Ambition Magazine Feature: Top of the Class
Noting a gap in the business and leadership skills acquired during his clinician's training, urological surgeon Dr Fardod O'Kelly enrolled on an executive MBA programme.
By Tim Banerjee Dhoul
Can you tell us a little about your career to date?
I studied medicine at the Royal College of Surgeons in Ireland (RCSI) after completing a degree in biochemistry at Trinity College Dublin. Following completion of my basic surgical training, I did a doctorate in medicine at Trinity College Dublin on prostate cancer and then went on to complete higher surgical training in urological surgery in Ireland.
Having finished my fellowship exams in Ireland, I went on to do two paediatric urology fellowships in Canada before coming back to Ireland to take up a position, primarily in private practice. I also spend two days a week working and lecturing at the RCSI. In addition to this, I’m now on several European boards for urology and have a number of international research collaborations.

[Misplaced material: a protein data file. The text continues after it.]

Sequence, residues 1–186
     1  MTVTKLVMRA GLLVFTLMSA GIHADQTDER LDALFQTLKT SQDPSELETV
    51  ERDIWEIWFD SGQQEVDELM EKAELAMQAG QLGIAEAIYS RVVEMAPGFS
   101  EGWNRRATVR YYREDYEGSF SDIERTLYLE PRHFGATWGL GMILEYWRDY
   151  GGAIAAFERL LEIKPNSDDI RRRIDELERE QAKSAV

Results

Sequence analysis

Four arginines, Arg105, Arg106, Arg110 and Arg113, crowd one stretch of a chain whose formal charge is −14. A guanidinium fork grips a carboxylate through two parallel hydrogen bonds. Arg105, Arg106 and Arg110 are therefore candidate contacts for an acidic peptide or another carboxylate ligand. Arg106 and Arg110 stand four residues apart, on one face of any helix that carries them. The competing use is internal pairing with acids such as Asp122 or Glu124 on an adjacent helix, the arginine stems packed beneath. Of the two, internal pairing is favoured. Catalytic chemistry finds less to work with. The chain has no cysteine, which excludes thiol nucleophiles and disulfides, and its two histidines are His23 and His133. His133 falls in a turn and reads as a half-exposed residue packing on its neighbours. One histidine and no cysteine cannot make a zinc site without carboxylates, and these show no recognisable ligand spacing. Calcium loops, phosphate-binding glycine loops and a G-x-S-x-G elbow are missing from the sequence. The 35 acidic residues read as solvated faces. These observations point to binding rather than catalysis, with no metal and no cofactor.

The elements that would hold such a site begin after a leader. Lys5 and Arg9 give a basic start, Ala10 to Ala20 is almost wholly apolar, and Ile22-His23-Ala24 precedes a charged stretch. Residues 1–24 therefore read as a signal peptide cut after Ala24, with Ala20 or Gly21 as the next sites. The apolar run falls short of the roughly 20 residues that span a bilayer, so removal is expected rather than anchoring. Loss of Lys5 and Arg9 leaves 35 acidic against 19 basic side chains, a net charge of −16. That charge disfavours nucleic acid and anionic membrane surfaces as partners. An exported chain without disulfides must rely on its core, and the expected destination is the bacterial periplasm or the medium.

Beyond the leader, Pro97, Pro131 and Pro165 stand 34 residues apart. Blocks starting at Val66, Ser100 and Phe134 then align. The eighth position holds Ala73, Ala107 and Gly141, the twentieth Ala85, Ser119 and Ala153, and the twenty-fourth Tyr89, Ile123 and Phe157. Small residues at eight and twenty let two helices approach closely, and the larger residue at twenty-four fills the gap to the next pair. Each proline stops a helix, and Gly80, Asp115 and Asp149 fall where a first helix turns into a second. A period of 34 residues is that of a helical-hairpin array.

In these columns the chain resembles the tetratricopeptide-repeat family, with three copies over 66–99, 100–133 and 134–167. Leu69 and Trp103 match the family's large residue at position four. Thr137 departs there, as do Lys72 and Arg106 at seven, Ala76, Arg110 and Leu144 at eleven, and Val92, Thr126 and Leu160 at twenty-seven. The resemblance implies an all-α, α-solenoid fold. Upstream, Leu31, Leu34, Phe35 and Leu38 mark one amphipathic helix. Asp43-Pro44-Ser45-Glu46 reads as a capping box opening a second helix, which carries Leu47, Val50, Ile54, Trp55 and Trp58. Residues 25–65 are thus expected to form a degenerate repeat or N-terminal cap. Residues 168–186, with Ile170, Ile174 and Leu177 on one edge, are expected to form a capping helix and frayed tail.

Congratulations on winning AMBA’s MBA Student of the Year award 2023. How did it feel to win and has it made any impact on your career so far?
To sum it up in a single word, I would have to say ‘surreal’. I genuinely never expected to win, but it was a huge honour and I feel very privileged.
All my managerial and leadership colleagues have been extremely vocal with their support and praise, but winning hasn’t made a huge impact on my career to date – although it is still very early days. This is partially because the visibility and appreciation of an achievement like this in clinical circles is less than it would be in the business world. However, with more and more clinicians starting to study for an MBA, I hope this will provide inspiration for them.
What motivated you to do an executive MBA and why did you choose to do the course at Michael Smurfit Graduate Business School at UCD?
I always felt that business and leadership skills were significantly deficient in a clinician’s postgraduate career, as there is no formal training process. It has huge future implications for clinical effectiveness, governance, departmental management and the delivery of value-based healthcare.
Read Fardod’s full interview in Ambition here.